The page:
8 Kereluik, Mishra, Fahnoe, & Terry Our true and sincere hope is that our careful analysis and discussion of the term 21 st century learning is one way of addressing the concerns of Spencer and truly moving education into the future. Editor s Note The authors presented an earlier version of this research at the 2011 annual meeting of the Society of Information Technology in Teacher Education in Nashville, Tennessee, USA. Author Notes Kristen Kereluik is a researcher at the Michigan Virtual Learning Research Institute at Michigan Virtual University and pursuing her doctorate at Michigan State University. Her current work focus on research and policy around online teaching and learning both within Michigan and nationally. Her specific research focuses on preparing online K 12 teachers and supporting online K 12 students. Please address correspondence regarding this article to Kristen Kereluik, Michigan Virtual Learning Research Institute, Michigan Virtual University, 3101 Technology Blvd., Suite G, Lansing, MI Punya Mishra is a professor of educational psychology and educational technology at Michigan State University, where he directs the Master s of Arts in Educational Technology. His research has focused on the technology integration in teaching, teacher creativity and trans-disciplinary learning. Please address correspondence regarding this article to Dr. Punya Mishra, College of Education, Michigan State University, Erickson Hall, 620 Farm Lane - Room #509A, East Lansing, MI Christopher Fahnoe is currently a PhD candidate at Michigan State University in the Educational Psychology and Educational Technology (EPET) program. In addition he currently serves as the Director of Technology and Assessment for Arlington Heights School District 25 (PK 8) in Arlington Heights, Illinois. His current research interests include self-directed learning, the response to failure and creativity, and the design of technology-enhanced learning spaces. Please address correspondence regarding this article to Christopher Fahnoe, Director of Technology and Assessment, Arlington Heights School District 25, 1200 S. Dunton Ave., Arlington Heights, IL Laura Terry is a doctoral candidate in the Educational Psychology and Educational Technology Program at the College of Education at Michigan State University. Her research interests include issues of academic motivation for student-athletes as well as factors affecting urban classroom teachers integration of technology. Please address correspondence regarding this article to Laura Terry, College of Education, Michigan State University, Erickson Hall, 620 Farm Lane, Room #509A, East Lansing, MI References 21 st Century Schools (n.d.). About us. Retrieved from About.htm 21 st Century Schools (n.d.). What is 21 st century education? Retrieved May 20,2013, from American Association of Colleges and Universities. (2007). College learning for the new global century. Retrieved from aacu.org/leap/documents/globalcentury_ final.pdf Anfara, V. A., Brown, K. M., & Mangione, T. L. (2002). Qualitative analysis on stage: Making the research process more public. Educational Researcher, 31(7), Assessment and Teaching of 21 st Century Skills (2012). What are 21st century skills? Retrieved from Barthes, R. (1977). Image-music-text. London: Fontana. Bernie, T., & Hood, P. (1999). Learning, technology, and education reform in the knowledge age, or We re wired, webbed, and windowed, now what? Educational Technology, 39(3), Dirkin, K. H. (2009). Three professors teaching online: The realization of teaching perspectives. Dissertation Abstracts International: Section A. The Humanities and Social Sciences, 69(10), Dirkin, K. H., & Mishra, P. (2010). Values, beliefs, and perspectives: Teaching online within the zone of possibility created by technology. In D. Gibson, & B. Dodge (Eds.), Proceedings of the Society for Information Technology & Teacher Education International Conference 2010 (pp ). Chesapeake, VA: AACE. Retrieved from Educational Testing Service, International ICT Testing Panel. (2007) Digital transformation: A framework for ICT literacy. Retrieved from and_communication_technology_literacy/ ictreport.pdf Gardner, D., Larsen, Y. W., Baker, W. O., Campbell, A., Crosby, E. A., Foster, C. A., et al. (1983). A nation at risk: The imperative for educational reform. An open letter to the American people. A report to the nation and the secretary of education. Washington, DC: Government Printing Office. Retrieved from ed.gov/pdfs/ed pdf Gardner, H. (2008). Five minds for the future. Boston, MA: Harvard Business Press. Glasser, B. (1965) The constant comparative method of qualitative analysis. Social Problems, 12(4), Greenhill, V., & Petroff, S. (2010). 21 st century knowledge and skills in educator preparation. Education (p. 30). Retrieved from p21.org Heckman, P. E., & Montera, V. L. (2009). School reform: The flatworm in a flat world: From entropy to renewal through indigenous invention. Teachers College Record, 111, International Society for Technology in Education (ISTE). (2007). The National Educational Technology Standards and performance indicators for students. Retrieved from Jenkins, H., Clinton, K., Purushotma, R., Robinson, A. J., & Weigel, M. (2006). Confronting the challenges of participatory culture: Media education for the 21 st century. Chicago, IL: The MacArthur Foundation. Jerald, C. D. (2009). Defining a 21 st century education. Retrieved from the Center for Public Education website: centerforpubliceducation.org/learn- About/21st-Century/Defining-a-21st-Century- Education-Full-Report-PDF.pdf Keengwe, J., Onchwari, G., & Wachira, P. (2008). The use of computer tools to support meaningful learning. AACE Journal, 16(1), Koehler, M. J., & Mishra, P. (2008). Introducing TPACK. In J. A. Colbert, K. E. Boyd, K. A. Clark, S. Guan, J. B. Harris, M. A. Kelly, & A. D. Thompson (Eds.), Handbook of technological pedagogical content knowledge for educators (pp. 1 28). New York: Routledge. Kozma, R. (Ed.) (2003). Technology, innovation, and educational change: A global perspective. Eugene, OR: International Society for Technology in Education. Metiri Group. (2003). engauge 21 st century skills for 21 st century learners. Retrieved from metiri.com/21/metiri-ncrel21stskills.pdf Mishra, P., & The Deep-Play Research Group (2012). Rethinking technology & creativity in the 21 st century: Crayons are the future. TechTrends, 56(5), Mishra, P., Fahnoe, C., Henriksen, D., & the Deep-Play Research Group (2013). Creativity, self-directed learning, and the architecture of technology rich environments. Tech Trends, 57(1), Mishra, P., Henriksen, D., & The Deep-Play Research Group (2012). On being (in) disciplined. TechTrends, 56(6), Mishra, P., & Kereluik, K. (2011). What 21 st century learning? A review and a synthesis. In M. Koehler & P. Mishra (Eds.), Proceedings of Society for Information Technology & Teacher Education International Conference 2011 (pp ). Chesapeake, VA: AACE. Mishra, P., & Koehler, M. J. (2006). Technological Pedagogical Content Knowledge: A new framework for teacher knowledge. Teachers College Record 108(6), Mishra, P., Koehler, M. J., & Henriksen, D. (2011). The seven trans-disciplinary habits of mind: Extending the TPACK framework towards 21 st century learning. Educational Technology, 51(2) Mishra, P., Terry, C., Henriksen, D., & the Deep-Play Research Group (2013). Square peg, round hole, good engineering. Tech Trends, 57(2), National Academy of Engineering. (2004). The engineer of 2020: Visions of engineering in the new century. Washington, DC: The National Academy Press. 134 Journal of Digital Learning in Teacher Education Volume 29 Number 4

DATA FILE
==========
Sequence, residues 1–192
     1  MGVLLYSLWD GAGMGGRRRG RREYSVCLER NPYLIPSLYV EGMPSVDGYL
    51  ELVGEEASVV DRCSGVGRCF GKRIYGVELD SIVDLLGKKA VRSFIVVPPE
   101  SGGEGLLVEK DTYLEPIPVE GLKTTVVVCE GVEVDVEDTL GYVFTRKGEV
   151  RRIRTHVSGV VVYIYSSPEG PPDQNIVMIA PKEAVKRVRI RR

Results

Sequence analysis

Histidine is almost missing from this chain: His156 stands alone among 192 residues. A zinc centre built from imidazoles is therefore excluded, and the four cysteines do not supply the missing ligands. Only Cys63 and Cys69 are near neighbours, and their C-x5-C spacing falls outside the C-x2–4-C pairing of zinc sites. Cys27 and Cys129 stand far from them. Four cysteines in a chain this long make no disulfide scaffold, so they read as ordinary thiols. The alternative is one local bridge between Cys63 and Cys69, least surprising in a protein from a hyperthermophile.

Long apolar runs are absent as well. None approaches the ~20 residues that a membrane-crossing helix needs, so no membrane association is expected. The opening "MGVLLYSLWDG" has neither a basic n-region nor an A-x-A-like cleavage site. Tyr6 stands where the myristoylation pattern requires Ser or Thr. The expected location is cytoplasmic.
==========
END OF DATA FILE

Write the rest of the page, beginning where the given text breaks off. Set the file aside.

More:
9 Teacher Knowledge for 21 st Century Living National Governors Association Center for Best Practices & Council of Chief State School Officers. (2010). Common Core State Standards. Washington, DC: Authors. Organization for Economic Cooperation and Development. (2005). The definition and selection of key competencies: Executive summary. Paris, France: OECD. Partnership for 21 st Century Skills. (2007). Framework for 21 st century learning. Retrieved from Framework_Definitions.pdf Pink, D. H. (2005). A whole new mind: Moving from the information age to the conceptual age. New York: Riverhead Books. Ravitch, D. (2009, October 10). 21 st century skills: An old familiar song. Retrieved from projo.com/opinion/contributors/content/ct_ ravitch10_ _ldfo9tm_v10.3f8ee Recommendation of the European Parliament and of the Council of the European Union on Key Competences for Lifelong Learning, L394/10 C.F.R. (2006, December 12). Retrieved October 29, 2010, from culture/publ/pdf/ll-learning/keycomp_en.pdf Robinson, K. (2001). Out of our minds: Learning to be creative. Oxford: Capstone. Ryan, G. W., & Bernard, H. R. (2003). Techniques to identify themes. Field Methods, 15, doi:1177/ x Spencer, H. (1884). What knowledge is of most worth. New York: John B. Alden. Summers, H. (2012, January 20). What you (really) need to know. The New York Times, p. ED26. Wikipedia. (2010). Chronocentrism. Retrieved May17, 2012, from wiki/chronocentrism Zhao, Y. (2009). Catching up or leading the way. Alexandria, VA: ASCD. The following are references and brief descriptions of frameworks included in the review. American Association of Colleges and Universities. (2007). College learning for the new global century. Washington, DC: AACU. The American Association of College and Universities framework for college learning in the 21 st century outlines essential aims, learning outcomes, and guiding principals for college education in the 21 st century. According to the AACU, college education is now more important to individual success and America s future as a global leader than ever before. The framework is born out of the assumption that the world is being reshaped by technology and globalization and seeks to answer the question of what matters in college. The framework identifies learning outcomes for college education necessary for 21 st century success and includes knowledge of human cultures, the physical and natural world, intellectual and practical skills, personal and social responsibility, and integrative learning. Assessment and Teaching of 21 st Century Skills. (2012). Retrieved from The assessment and teaching of 21 st century skills is an international partnership organized around providing clear operational definitions of 21 st century skills, finding solutions to technical Appendix A psychometric problems, developing strategies for administering assessments using information and communication technology (ICT), and identifying classroom strategies for helping students develop 21 st century skills. The ATC21S project is sponsored by Cisco, Intel, and Microsoft and grows out of the assertion that technology has fundamentally changed all aspects of human life, and as such, students and teachers need to develop new skills to be successful in the 21 st century. The project asserts that it is a collaboration among academics, governments, and members of industry to change the way students are taught and provide education relevant to the 21 st century and beyond. Bernie, T., & Hood, P. (1999). Learning, technology, and education reform in the knowledge age, or We re wired, webbed, and windowed, now what? Educational Technology, 39(3), Bernie and Hood developed the Learning, Technology, and Education Reform in the Knowledge Age framework in conjunction with WestEd to address the challenges of the new knowledge-based society of the 21 st century. The authors advocate reviewing the previous two decades of educational reform efforts and propose new reform measures. The proposed reform grows directly out of the new needs of the knowledge age. According to the authors, this reform strategy is already transforming learning and training in business, medicine, science, and technology. The framework advocates Seven C s : societal goals that, according to the authors, have not necessarily changed, as rather the context around the goals has changed. The Seven C s are critical thinking and doing, creativity, collaboration, cross-cultural understanding, communication, computing, and career and learning self-reliance. Educational Testing Service. (2007) Digital transformation: A framework for ICT literacy. Princeton, NJ: ETS. Educational Testing Services ICT framework was part of a two-phase project designed to create a large-scale assessment of ICT knowledge (iskills assessment) and develop a framework for defining and understanding ICT literacy. ETS defines ICT literacy as using digital technology, communication tools, and networks to access, manage, integrate, evaluate, and create information as a functioning and contributing member of society. The ICT Literacy framework strongly asserts that ICT literacy is more than mastery of technology; rather it is the integration of cognitive and technology skills alongside traditional literacy, numeracy, and problem solving. The ICT Literacy framework includes five critical components: access to collect/ retrieve information, management through organization and classification, integration of information, evaluation of information, and creating. Volume 29 Number 4 Journal of Digital Learning in Teacher Education 135